As a nutrition major, Hannah Sykes had given some thought to creating a YouTube channel where she passed along what she had learned and how she applied it to her life as a Colorado State swimmer. Just about to head into her sophomore year, she did so with one real goal in mind, which was to start branding herself for the job market long before she ever finished her degree.
“That’s what it was for me. Because I’m in the field of nutrition, that was a big portion of my videos,” Sykes said. “I have other types of content, but that’s a big chunk of it – food, what I eat, how I cook and shop. That’s what I’m majoring in, dietetics, so I want to be a dietician. There are a lot of routes I’d like to go with that. I’d love to be a dietician for a sports team, but I’d also love the opportunity to build a brand for myself and be able to make my own meal plans. There are many routes I’d like to be able to take with my degree. I figured I should build myself a name in the field of nutrition before I graduate, and a really relevant way to do that nowadays is through social media. It’s one of the easiest and most profound ways to do that.”
Her videos, which range from how she shops and eats to her workouts and daily life, started to pick up viewers to the point it was monetized, meaning ads started showing up on her videos. Over the summer, companies started to reach out to her with promotional ideas.
She also knew she couldn’t profit from them, and after contacting the CSU compliance department to see if there were partnerships she could form without profit (none were possible), she had to turn them down. Now, flash forward a year, and the window is suddenly wide open.
As of July 1, 2021, The NCAA is now allowing for student-athletes to profit off their name, image and likeness, nearly 20 years after Jeremy Bloom took the NCAA to court for the right for him to do so as a freestyle skier. The organization, which has long had the topic on the table, has not constructed any guidelines for their membership, but are allowing student-athletes to profit from NIL through university or state regulations. There are 22 states – Colorado included – which have signed NIL laws into effect, and none of them are exactly the same.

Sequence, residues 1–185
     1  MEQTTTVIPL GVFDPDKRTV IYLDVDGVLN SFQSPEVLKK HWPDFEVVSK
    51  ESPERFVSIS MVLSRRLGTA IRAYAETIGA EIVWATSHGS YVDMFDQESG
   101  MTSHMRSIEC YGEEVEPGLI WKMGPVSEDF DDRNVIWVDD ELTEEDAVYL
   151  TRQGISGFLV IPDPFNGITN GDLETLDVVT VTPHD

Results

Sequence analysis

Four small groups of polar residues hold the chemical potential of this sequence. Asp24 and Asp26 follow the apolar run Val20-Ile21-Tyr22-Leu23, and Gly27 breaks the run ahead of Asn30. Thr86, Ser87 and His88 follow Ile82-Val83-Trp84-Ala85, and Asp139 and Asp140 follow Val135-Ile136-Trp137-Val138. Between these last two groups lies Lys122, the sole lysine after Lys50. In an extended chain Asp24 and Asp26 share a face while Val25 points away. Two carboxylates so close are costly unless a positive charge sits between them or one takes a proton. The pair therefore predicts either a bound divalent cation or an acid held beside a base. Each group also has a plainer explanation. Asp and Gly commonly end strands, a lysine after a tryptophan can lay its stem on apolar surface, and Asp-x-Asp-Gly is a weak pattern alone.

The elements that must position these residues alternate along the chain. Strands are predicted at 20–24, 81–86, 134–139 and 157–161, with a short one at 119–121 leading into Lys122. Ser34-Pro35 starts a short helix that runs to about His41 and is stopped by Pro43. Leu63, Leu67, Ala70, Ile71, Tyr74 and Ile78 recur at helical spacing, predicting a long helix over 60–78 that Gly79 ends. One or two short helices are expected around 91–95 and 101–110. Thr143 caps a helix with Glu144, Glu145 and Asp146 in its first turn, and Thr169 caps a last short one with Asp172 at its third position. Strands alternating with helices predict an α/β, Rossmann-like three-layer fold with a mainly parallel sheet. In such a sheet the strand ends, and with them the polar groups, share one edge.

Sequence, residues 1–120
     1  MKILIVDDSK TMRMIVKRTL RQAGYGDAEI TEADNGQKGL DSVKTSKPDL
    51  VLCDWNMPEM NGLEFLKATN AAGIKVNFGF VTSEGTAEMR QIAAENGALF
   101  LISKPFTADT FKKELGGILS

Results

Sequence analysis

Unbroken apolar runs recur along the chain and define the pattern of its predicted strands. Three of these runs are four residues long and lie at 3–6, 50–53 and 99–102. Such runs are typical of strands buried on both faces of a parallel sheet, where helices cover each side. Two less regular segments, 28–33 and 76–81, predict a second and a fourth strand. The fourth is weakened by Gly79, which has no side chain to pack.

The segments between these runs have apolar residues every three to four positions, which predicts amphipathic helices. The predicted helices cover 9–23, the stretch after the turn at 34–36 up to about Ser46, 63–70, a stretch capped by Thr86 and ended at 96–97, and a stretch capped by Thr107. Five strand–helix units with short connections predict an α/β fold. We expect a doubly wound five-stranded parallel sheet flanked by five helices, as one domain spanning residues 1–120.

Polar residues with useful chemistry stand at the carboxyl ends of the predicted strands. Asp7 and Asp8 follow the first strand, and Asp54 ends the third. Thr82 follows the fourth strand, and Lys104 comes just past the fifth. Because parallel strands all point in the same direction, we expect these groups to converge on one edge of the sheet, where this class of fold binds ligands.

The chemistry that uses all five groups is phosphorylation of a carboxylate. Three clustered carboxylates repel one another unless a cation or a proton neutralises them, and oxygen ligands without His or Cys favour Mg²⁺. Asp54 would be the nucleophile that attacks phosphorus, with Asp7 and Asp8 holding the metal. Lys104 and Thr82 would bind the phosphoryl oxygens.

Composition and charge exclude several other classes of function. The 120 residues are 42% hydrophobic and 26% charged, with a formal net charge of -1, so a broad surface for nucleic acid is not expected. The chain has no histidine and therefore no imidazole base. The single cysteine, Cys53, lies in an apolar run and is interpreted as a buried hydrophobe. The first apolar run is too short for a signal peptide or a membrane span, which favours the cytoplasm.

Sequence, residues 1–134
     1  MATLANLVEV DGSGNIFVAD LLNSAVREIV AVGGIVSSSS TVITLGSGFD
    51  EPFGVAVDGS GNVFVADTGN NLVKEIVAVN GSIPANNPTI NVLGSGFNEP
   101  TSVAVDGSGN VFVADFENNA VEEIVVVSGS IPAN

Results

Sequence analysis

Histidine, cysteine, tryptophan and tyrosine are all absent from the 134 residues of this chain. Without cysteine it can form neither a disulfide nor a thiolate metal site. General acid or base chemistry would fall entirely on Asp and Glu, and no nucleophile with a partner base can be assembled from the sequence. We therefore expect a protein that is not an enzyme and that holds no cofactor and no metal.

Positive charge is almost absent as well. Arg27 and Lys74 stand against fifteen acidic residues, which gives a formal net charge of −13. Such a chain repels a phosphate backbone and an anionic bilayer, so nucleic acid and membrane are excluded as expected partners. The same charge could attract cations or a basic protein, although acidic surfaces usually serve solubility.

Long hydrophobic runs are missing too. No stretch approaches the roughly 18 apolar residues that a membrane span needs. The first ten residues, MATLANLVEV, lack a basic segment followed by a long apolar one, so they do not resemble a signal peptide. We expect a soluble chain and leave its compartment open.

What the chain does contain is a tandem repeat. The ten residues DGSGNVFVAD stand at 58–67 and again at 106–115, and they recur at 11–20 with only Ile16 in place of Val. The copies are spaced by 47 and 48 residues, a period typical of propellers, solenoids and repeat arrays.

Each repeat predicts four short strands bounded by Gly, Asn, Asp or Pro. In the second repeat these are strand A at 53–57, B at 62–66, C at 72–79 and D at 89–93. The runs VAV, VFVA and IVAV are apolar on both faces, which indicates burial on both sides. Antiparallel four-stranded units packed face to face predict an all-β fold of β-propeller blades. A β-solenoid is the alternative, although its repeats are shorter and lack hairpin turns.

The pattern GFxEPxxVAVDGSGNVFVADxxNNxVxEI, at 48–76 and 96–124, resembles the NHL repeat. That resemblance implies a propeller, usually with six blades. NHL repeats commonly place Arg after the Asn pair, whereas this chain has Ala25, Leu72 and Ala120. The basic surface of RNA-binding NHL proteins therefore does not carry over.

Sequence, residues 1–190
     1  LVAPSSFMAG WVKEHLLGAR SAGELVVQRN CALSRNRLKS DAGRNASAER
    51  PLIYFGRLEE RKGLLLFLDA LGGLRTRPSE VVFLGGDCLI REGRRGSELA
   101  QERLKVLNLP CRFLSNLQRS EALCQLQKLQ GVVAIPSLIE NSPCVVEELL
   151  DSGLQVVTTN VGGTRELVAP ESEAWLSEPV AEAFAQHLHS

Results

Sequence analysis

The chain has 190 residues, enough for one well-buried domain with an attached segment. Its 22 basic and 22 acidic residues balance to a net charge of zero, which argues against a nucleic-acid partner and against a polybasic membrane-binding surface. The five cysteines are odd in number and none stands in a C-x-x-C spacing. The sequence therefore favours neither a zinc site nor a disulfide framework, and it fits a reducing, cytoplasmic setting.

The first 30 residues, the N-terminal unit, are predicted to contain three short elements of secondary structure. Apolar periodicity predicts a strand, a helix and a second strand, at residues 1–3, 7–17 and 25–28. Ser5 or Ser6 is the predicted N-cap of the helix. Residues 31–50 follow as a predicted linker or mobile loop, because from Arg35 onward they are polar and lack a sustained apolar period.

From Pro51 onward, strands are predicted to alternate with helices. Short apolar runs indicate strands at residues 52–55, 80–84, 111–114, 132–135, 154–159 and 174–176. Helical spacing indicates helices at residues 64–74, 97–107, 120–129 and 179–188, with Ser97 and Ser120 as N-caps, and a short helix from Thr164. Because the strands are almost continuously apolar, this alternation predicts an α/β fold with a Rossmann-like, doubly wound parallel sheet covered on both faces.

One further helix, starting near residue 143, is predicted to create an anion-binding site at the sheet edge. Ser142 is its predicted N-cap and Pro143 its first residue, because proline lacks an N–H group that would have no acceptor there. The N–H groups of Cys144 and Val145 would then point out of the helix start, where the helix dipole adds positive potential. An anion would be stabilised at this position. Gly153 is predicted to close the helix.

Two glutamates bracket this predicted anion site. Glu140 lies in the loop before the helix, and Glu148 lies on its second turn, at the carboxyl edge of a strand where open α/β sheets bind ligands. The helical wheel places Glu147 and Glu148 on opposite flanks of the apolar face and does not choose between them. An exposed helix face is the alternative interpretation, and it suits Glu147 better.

Colorado State, unlike some other universities, has put no limitations on what offers student-athletes may connect with at this point. Other schools have put limitations in place in line with school and NCAA athletic codes, particularly gambling organizations and tobacco companies.
Despite the conversation being in the marketplace for some time, the introduction of student-athletes being able to capitalize on their name, image and likeness is a new horizon. The prospect of doors opening is exciting, partially because no one is quite sure what direction – or directions – it may take.
“There are so many possibilities because of this now. I think it’s cool,” Sykes said. “I think it will be interesting to see how everybody uses this in their own unique way. There’s no one direction you can go with it. There are unlimited possibilities.”